When dual citizenship became official on September 1st, it marked the culmination of years of lobbying from both Danes living abroad and foreigners living in Denmark. Representatives from both groups marked the day with a celebration in Copenhagen.
“The law has up until today resulted in many restrictions for regular Danes who because of their career or love have moved abroad. There have also been problems for our foreign friends who have moved to Denmark. Until today, you have had to say goodbye to your original citizenship, and thus an important part of your identity, if you wanted to become a Danish citizen. Now you can truly be global Danes,” Danes Worldwide general secretary Anne Marie Dalgaard told the crowd.
Danes Worldwide, an organization connecting Danish expats around the world, co-hosted the event along with Politiken newspaper.
The group estimates that at least 10,000 Danes who have previously given up their citizenship will apply to get it back now that the law has been changed.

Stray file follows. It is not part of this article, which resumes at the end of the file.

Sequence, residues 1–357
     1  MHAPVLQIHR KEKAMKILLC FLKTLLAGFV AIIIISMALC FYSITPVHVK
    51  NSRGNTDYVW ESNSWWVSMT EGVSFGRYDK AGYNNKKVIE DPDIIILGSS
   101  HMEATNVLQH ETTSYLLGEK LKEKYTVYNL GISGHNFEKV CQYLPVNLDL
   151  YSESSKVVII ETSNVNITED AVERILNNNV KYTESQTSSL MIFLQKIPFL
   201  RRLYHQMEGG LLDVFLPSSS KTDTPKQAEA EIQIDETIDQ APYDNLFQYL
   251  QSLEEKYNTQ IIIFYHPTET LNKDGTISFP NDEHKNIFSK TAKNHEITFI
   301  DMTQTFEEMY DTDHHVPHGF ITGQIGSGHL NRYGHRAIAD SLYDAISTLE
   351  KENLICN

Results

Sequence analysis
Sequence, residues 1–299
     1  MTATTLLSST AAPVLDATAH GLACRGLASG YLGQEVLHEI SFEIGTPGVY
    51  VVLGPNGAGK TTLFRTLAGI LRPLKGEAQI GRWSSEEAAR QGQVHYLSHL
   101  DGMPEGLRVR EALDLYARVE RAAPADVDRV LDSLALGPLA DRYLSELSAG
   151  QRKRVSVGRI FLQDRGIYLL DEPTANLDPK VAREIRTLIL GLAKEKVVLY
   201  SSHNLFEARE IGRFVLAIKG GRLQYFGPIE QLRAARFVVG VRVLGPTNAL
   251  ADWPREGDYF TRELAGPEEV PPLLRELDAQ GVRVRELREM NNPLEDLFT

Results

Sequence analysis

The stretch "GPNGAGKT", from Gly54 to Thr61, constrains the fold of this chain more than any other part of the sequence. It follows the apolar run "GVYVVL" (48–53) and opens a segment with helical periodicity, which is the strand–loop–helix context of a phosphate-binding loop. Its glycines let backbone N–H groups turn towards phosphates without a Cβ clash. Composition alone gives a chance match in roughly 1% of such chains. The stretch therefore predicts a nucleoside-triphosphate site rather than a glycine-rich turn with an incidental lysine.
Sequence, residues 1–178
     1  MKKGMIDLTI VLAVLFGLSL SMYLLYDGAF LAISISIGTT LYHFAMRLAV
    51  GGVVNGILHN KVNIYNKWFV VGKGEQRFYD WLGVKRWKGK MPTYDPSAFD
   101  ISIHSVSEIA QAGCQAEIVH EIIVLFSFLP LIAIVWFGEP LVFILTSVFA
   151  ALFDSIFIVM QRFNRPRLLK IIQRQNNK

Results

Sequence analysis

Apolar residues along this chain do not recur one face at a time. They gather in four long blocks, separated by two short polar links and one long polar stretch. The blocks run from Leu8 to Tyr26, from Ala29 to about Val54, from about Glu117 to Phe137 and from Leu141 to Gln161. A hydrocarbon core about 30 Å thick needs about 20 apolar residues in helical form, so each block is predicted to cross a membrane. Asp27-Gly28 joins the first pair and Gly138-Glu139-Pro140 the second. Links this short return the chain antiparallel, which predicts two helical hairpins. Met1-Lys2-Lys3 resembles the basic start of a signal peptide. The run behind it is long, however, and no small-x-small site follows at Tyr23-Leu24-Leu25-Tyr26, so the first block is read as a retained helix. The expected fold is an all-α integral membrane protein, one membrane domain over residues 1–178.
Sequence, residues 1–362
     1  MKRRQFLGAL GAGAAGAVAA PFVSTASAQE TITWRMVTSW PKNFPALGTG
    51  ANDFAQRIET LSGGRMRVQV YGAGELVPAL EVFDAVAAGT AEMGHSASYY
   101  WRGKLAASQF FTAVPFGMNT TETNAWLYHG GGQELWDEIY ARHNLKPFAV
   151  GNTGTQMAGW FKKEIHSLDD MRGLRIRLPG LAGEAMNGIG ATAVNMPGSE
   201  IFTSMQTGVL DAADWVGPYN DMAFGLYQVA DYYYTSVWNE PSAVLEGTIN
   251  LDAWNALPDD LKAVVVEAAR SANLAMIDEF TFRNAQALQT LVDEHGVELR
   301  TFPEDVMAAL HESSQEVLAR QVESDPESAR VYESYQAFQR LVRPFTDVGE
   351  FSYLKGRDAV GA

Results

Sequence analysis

Culture Minister Bertel Haarder also addressed the audience and assured them that the newly-adopted dual citizenship law will not be changed, a concern aired by many after Haarder's Venstre government announced last month that it is eyeing changes to citizenship requirements.
“This is a law that has come to stay and there are many of us who will insist on that and I don't think there is anyone who will challenge it,” he said to applause.
Haarder also rejected the notion that allowing foreigners to maintain their original citizenship will make them less loyal Danish citizens.
“One does not become less loyal to a country when that country chooses to treat you more fairly,” he said.
With dual citizenship now approved, Dalgaard said that Danes Worldwide would focus its efforts on allowing Danish citizens to vote in parliamentary elections from abroad.